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Open AccessShort Note

Poly[1,3-Dimethyltetrahydropyrimidin-2(1H)-iminium [tri-µ2-cyanido-κ6C:N-dicuprate(I)]]

Chemistry Department, Fordham University, 441 East Fordham Road, Bronx, NY 10458, USA
Author to whom correspondence should be addressed.
Molbank 2020, 2020(4), M1170;
Received: 2 November 2020 / Revised: 21 November 2020 / Accepted: 21 November 2020 / Published: 24 November 2020
(This article belongs to the Special Issue Molecules from Side Reactions)


The title compound contains a guanidinium cation that was unexpectedly found during X-ray single crystal analysis of a copper(I) cyanide network expected to contain protonated N,N’-dimethyl-1,3-diaminopropane. The cation was presumably formed by reaction of the amine with cyanide ions in the aqueous sodium cyanide/copper cyanide mixtures used in the synthesis. The structure of the network solid features the guanidinium cation as a guest in an anionic two-dimensional polymeric framework with stoichiometry Cu2(CN)3. Confirmation of the structure was provided by analytical, thermal gravimetric and infrared data.
Keywords: copper; cyanide; network; guanidinium; unexpected iminium cation copper; cyanide; network; guanidinium; unexpected iminium cation

1. Introduction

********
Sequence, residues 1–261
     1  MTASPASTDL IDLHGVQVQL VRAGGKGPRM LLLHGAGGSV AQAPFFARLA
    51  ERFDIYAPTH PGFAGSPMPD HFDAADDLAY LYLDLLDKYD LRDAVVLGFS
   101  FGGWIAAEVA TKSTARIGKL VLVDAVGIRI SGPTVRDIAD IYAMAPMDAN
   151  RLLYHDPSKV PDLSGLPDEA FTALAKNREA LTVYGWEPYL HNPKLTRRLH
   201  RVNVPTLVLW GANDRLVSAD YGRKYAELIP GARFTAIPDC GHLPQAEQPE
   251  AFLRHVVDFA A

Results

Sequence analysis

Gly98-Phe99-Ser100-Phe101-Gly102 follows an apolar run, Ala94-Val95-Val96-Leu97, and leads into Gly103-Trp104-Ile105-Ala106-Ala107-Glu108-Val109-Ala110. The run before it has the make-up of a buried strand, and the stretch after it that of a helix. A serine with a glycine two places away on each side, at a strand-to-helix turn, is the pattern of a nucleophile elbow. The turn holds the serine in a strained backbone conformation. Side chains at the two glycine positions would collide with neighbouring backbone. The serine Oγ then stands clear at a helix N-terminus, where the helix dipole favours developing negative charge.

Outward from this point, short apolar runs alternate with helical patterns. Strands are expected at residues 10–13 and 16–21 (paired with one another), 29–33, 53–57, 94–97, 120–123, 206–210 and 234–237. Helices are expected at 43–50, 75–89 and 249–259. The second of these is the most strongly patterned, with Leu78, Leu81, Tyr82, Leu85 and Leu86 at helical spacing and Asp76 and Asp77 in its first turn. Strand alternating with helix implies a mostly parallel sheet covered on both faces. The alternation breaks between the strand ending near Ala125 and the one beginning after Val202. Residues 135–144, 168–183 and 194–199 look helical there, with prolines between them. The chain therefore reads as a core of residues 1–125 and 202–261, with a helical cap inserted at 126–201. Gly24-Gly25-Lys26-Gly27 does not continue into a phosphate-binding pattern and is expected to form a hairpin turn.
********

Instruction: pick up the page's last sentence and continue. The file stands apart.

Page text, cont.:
Polymeric copper(I) cyanide networks with guest cations continue to attract interest in light of their varied topologies and interesting physical properties, including chemiluminescence [1,2,3,4,5]. Our own work on CuCN complexes with amine bases, which initially sought to incorporate CuII into these CuI networks to provide neutral polymeric networks, has led to the characterization of both mixed valence CuCN compounds [6] and CuICN networks with protonated amines as guests [7]. We report here the unexpected formation of the cyclic guanidinium complex poly[1,3-dimethyltetrahydropyrimidin-2(1H)-iminium [tri-µ2-cyanido-κ6C:N-dicuprate(I)]], 1, during an attempted synthesis of a copper cyanide polymer involving the diamine N,N′-1,3-dimethyldiaminopropane. We had originally hoped for the formation of a crystalline mixed valence CuICuII cyanide polymer with the CuII atoms stabilized by coordination of the bidentate amine ligands. The lack of color in the crystalline product indicated, however, that only CuI was involved, so we suspected that the amine base would be present as its conjugate acid, to provide charge neutrality for an anionic CuICN network, as in the structure reported in reference [6]. Single crystal X-ray diffraction analysis, however, indicated that reaction of the diamine with cyanide had occurred with formation of a cyclic guanidinium cation. Lin et al. have reported a similar structure featuring the unexpected formation of the unsubstituted guanidinium cation [8]. We report here the crystal and molecular structure of 1, together with chemical analyses, thermal decomposition and infrared data.